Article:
46 children have died during the protest crackdown and air strikes
By Global Voices South East Asia
This article originally appeared on Medium and was written by a blogger who doesn’t wish to be identified. An edited version is published here.
Note: This article contains disturbing images of violence.
Throughout March 2021, Myanmar’s military regime continued its brutal suppression of civilian movements that were calling for the restoration of democracy in the country since the military coup of February 1.
Since February, protests across the country have been challenging the military rule. Starting in March, the junta ramped up its crackdown on peaceful protesters.
As pressure from the ethnic armed organizations (EAO) grew stronger, the final week of March saw the bloodiest reprisals from the Myanmar military, which launched airstrikes on villages in EAO-controlled areas. As of April 2, 550 protesters, including 46 children, had been killed while around 12,900 villagers have fled their homes to escape clashes between the military regime and EAOs in Karen and Kachin states.
Below is a timeline of violence inflicted by the junta on civilians and protesters during the second half of March:
On March 19, a military operation in a small city of Aung Ban in Shan state was responsible for the deaths of nine protesters.
Starting on March 21, the regime intensified the violence in Taunggyi, the capital of Shan state. Footage shared on Facebook showed soldiers shooting protesters and torturing civilians in their homes.
On the same day, the military ramped up night crackdowns in parts of Mandalay, Myanmar’s second largest city, and killed five people, including a 15-year-old boy. The crackdown continued in Mandalay the next day with the killing of four more people, one of whom was a 13-year-old boy.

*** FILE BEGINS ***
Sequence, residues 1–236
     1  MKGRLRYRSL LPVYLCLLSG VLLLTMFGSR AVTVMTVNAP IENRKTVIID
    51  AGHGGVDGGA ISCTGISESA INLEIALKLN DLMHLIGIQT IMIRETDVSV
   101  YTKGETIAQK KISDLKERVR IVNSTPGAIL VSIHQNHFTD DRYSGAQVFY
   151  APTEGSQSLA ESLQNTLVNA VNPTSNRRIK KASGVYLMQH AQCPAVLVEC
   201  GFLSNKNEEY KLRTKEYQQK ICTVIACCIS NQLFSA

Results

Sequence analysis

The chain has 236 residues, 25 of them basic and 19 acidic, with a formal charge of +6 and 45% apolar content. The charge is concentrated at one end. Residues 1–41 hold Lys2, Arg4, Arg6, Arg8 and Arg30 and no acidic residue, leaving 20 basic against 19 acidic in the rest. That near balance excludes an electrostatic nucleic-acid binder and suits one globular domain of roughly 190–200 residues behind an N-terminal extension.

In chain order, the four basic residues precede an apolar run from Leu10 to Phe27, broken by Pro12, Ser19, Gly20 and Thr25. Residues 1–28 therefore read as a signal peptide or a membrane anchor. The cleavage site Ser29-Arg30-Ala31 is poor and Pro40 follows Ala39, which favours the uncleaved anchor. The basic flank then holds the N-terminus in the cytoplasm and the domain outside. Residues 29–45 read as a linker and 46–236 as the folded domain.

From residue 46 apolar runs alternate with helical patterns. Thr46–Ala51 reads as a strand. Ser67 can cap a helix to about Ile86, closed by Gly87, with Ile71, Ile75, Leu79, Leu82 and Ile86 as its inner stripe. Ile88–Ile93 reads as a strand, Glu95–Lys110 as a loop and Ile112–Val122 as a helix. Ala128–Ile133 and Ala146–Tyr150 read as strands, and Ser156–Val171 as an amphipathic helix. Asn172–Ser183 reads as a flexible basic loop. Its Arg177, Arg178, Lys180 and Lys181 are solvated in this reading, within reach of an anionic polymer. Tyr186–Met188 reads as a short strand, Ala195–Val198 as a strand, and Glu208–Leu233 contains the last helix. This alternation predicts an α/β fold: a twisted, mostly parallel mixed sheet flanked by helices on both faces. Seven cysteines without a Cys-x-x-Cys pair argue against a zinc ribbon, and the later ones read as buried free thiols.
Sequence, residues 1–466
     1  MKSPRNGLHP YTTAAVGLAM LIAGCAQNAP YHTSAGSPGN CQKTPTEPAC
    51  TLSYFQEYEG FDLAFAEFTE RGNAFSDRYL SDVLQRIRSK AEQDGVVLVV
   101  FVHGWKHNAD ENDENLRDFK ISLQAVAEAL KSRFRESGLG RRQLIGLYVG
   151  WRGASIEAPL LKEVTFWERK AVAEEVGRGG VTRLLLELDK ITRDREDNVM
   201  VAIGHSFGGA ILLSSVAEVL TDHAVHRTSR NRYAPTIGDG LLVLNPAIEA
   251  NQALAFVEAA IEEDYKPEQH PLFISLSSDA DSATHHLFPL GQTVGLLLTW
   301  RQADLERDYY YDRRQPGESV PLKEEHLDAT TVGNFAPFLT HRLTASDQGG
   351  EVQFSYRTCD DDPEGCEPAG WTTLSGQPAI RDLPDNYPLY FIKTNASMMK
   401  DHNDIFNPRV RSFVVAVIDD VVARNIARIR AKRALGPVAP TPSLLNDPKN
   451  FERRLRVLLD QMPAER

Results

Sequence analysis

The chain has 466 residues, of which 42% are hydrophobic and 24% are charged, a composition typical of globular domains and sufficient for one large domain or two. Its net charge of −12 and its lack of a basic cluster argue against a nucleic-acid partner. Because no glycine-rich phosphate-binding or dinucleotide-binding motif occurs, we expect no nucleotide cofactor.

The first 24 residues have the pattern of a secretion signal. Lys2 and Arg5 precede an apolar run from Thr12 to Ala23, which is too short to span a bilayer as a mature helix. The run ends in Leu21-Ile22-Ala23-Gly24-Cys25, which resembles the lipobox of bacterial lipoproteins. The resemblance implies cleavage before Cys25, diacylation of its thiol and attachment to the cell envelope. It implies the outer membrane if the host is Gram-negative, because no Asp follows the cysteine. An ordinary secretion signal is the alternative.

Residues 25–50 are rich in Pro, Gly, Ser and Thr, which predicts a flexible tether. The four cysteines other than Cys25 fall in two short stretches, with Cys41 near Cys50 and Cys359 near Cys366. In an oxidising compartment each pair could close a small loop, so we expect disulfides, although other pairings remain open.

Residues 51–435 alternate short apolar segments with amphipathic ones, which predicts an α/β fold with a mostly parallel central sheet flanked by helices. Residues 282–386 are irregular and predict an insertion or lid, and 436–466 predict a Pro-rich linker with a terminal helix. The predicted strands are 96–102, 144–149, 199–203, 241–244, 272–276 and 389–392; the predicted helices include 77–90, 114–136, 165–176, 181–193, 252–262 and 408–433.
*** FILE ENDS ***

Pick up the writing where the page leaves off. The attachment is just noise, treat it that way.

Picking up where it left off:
On March 23, soldiers raided a home and shot a seven-year-old girl while she was in her father’s arms. Her 19-year-old brother was also severely hit in the head with a rifle butt and was arrested by the soldiers. These children were the first of many victims of military’s intensified attacks against the youth.
In three days of continuous violence in Mandalay, 22 people were reportedly killed.
On March 24, a nationwide “silent day” strike was organized across the country, where people “protested” by not going out on the streets while shops and markets were also closed.
“Day of shame”
On Saturday, March 27, while junta leaders celebrated “Armed Forces Day” in the capital Nay Pyi Taw, the forces of the regime unleashed the most ruthless attack against protesters causing a bloodbath in 40 cities across the country. The death toll reached 114.
That day, five children were also killed. A 13-year-old boy from Mingalar Taung Nyunt ward of Yangon was shot by riot police while he was playing on the street. His body was taken by the police. A one-year-old child was also severely injured with a rubber bullet. By that time, 29 people under 18 had already been killed by the military across the country.
In the city of Dawei, CCTV footage showed the regime’s soldiers on a truck trying to kill three civilians on a motorbike that was merely crossing the street. Two escaped but one person was shot dead.
Perhaps the most heinous crime was a military raid during a night in Mandalay when they burned a resident alive.
Before the bloodbath, the regime confirmed in a state television announcement that it was enforcing a policy of shooting people in the head, and warned that it would do more if people continue protests.
Because of this and the high number of fatalities, the international community dubbed Myanmar military regime’s Armed Forces Day as a “Day of Shame.”
The Armed Forces Day was originally known as Resistance Day when the Myanmar army expelled Japanese forces during the Second World War. Later on, the military junta changed it to Armed Forces Day, locally known as Tatmadaw Day (တပ်မတော်နေ့).
As a symbol of fascist resistance, activists asked the people to come out for nationwide demonstrations on March 27.